Originally posted on Fangraphs  |  Last updated 4/1/12

With Chipper Jones on the DL for the first two weeks of the season, the Braves traded one of their top pitching prospects, J.J. Hoover, to acquire Reds third base prospect Juan Francisco. Hoover, whom Marc Hulet recently ranked as the 13th-best prospect in the Braves system, goes to Cincinnati in a trade for the powerful but strikeout-prone third baseman Juan Francisco.

Hoover, a 10th-round draft pick by the Braves in 2008, likely had more use to other teams than he did to the Braves. Last year, the Braves converted Hoover to a bullpen/swingman role, in part because the organization had so many other high-profile starters in the high minors. Moreover, 2008 was a pitching-heavy draft for the Braves, whose third-round pick was Rookie of the Year Craig Kimbrel, and whose 7th- and 8th-round picks were Paul Clemens and Brett Oberholtzer, centerpieces in the trade that brought Michael Bourn to the Braves.

Hoover is no slouch, though. Hulet writes that he “has the potential to be a solid No. 4 starter at the big league level.” Last September, John Sickels wrote the same, writing:

Hoover has the four classic pitches: fastball, curveball, slider, changeup. His heater is a tick above average in the low 90s, but works well due to the contrast with his secondary pitches. All three of his non-fastball offerings are rated as solid major league average. Although he doesn’t have a genuine plus pitch, none of them are weak, arsenal is diverse, he mixes them well, throws strikes, and has been extremely durable in his career. He’s maintained his strikeout rate and K/BB ratios at each level, and he’s never had a serious injury. He is a strong fly ball pitcher, but doesn’t give up an excessive number of home runs.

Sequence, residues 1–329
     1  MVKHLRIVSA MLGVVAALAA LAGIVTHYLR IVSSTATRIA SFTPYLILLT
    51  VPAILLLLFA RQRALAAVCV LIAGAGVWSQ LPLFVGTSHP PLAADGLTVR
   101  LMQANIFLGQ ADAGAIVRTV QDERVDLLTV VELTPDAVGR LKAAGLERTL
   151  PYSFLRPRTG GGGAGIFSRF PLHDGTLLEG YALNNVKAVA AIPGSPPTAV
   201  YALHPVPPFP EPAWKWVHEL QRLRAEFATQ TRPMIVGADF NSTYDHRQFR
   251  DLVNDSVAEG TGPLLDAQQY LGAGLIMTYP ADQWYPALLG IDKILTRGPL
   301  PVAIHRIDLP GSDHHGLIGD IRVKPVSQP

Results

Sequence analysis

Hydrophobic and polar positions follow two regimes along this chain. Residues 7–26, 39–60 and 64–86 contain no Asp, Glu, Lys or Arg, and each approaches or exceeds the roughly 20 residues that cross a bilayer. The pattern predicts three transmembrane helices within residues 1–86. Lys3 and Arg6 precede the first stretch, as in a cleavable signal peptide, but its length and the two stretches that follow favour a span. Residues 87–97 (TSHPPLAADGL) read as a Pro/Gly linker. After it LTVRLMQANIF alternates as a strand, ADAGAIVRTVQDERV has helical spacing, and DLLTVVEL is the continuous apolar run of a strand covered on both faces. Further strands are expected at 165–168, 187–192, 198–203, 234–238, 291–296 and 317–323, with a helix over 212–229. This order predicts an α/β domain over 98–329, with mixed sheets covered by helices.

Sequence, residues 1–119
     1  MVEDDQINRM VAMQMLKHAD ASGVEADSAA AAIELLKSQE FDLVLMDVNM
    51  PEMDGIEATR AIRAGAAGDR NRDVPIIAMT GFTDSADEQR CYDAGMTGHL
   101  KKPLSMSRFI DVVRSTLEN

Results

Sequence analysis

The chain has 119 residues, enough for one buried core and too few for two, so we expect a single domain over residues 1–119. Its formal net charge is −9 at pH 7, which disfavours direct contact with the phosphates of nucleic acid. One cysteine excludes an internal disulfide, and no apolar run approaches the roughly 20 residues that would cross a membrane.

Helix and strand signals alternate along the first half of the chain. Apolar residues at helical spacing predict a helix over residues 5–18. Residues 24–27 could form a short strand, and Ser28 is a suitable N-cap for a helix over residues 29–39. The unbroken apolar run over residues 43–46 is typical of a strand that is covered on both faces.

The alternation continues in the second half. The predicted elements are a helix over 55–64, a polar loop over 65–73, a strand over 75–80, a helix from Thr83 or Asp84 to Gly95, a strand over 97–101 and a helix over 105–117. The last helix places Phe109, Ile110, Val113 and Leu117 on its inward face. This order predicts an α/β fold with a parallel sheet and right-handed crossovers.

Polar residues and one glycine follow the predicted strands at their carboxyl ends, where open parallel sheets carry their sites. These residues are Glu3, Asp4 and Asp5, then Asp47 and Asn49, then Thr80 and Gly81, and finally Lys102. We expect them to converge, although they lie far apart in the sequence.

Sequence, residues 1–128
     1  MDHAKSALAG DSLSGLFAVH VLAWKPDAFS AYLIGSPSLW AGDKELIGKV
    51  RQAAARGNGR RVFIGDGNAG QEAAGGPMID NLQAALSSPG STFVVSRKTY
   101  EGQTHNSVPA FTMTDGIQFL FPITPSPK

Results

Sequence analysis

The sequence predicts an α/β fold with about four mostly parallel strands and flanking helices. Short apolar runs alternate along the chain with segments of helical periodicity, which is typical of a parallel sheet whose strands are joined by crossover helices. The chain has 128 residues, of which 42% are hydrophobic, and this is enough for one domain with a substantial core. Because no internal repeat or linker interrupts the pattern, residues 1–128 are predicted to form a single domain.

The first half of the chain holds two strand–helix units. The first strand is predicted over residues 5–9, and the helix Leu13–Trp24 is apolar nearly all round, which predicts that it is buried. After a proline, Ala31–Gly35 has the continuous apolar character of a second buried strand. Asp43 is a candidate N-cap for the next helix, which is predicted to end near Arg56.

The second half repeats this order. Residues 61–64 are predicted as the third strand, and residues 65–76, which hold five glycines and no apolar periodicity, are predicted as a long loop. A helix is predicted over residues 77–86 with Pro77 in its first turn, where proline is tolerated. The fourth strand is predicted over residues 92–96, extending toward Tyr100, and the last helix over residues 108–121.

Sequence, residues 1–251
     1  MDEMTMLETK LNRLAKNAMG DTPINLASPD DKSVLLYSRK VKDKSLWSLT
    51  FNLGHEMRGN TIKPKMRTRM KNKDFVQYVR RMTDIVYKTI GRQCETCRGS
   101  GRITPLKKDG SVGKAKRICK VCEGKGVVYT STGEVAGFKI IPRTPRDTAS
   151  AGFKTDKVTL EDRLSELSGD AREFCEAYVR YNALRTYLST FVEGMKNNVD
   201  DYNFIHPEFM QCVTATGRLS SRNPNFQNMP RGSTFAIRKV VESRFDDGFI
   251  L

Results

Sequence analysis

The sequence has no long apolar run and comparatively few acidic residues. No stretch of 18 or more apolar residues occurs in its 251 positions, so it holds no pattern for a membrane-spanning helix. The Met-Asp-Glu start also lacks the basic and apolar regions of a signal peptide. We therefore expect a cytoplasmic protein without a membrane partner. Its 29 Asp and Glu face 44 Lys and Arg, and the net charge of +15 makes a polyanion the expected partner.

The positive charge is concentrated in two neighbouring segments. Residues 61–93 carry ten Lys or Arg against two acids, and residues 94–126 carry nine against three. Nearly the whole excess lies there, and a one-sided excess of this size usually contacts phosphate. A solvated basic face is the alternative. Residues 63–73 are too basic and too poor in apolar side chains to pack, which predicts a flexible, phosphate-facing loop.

For most teams, Hoover would profile as a solid number three or four starter, chewing up innings at a good clip with consistent performance.

With Jones on the DL, Francisco may begin the season as the Braves’ third baseman. In recent years, Martin Prado has been the Braves’ backup third baseman of choice, averaging 42 games a year at third from 2009-2011, despite serving as the Braves’ primary second baseman in 2010 and primary left fielder in 2011. The Francisco trade may signify that the Braves hope Francisco will be the primary backup, and that they intend to keep Martin Prado at one position as much as possible in the 2012 season.

Francisco is 24 years old and has received cups of coffee in the majors in each of the last three seasons. Those three shuttle seasons are one reason he was available: he’s out of options, and therefore of greater value to the Braves than he was to the Reds. He’s got real power, but very weak plate discipline. As Carson Cistulli wrote in his Fangraphs+ profile:

Juan Francisco plays real baseball the way many of us do video-game baseball — which is to say, he swings basically all the time and with abandon. Even the limited sample that is his major-league career to date bears this out: in his first 181 plate appearances, Francisco has posted a PITCHf/x O-Swing rate of 40.8%, relative to a league-average mark of ca. 28.0% over that stretch. Francisco’s 44.6% O-Swing from 2011 (97 PA) would’ve placed him second only to Vladimir Guerrero (45.2%) among the league’s 145 qualified batters. Still, he’s hit 38 home runs in 742 Triple-A plate appearances and is entering just his age-25 season, suggesting that there’s room for development.

Francisco’s major league OBP is actually higher than his minor league OBP: in 181 PA in the majors, he’s hitting .284/.331/.450, while in 2554 PA in the minors, he’s hitting .286/.317/.502. (In other words, his minor league OBP is bad.) His minor league strikeout to walk ratio is 5.96-to-1, and his minor league walk ratio is 3.9 percent. He can bomb the ball, but poor plate discipline has dogged him since the Reds signed him out of the Dominican Republic in 2004, and eight years later, he doesn’t appear to have solved the problem.

However, the Braves won’t need him to. As long as he can play 40-50 games at third base, hit the occasional home run, and strike out rather than ground into double plays, he’ll give them what they need this year. Next year, after Chipper Jones’s retirement, the Braves will need to decide whether he’s their third baseman of the future. Regardless of whether he’s Mr. Right, he’ll suit them as Mr. Right Now.


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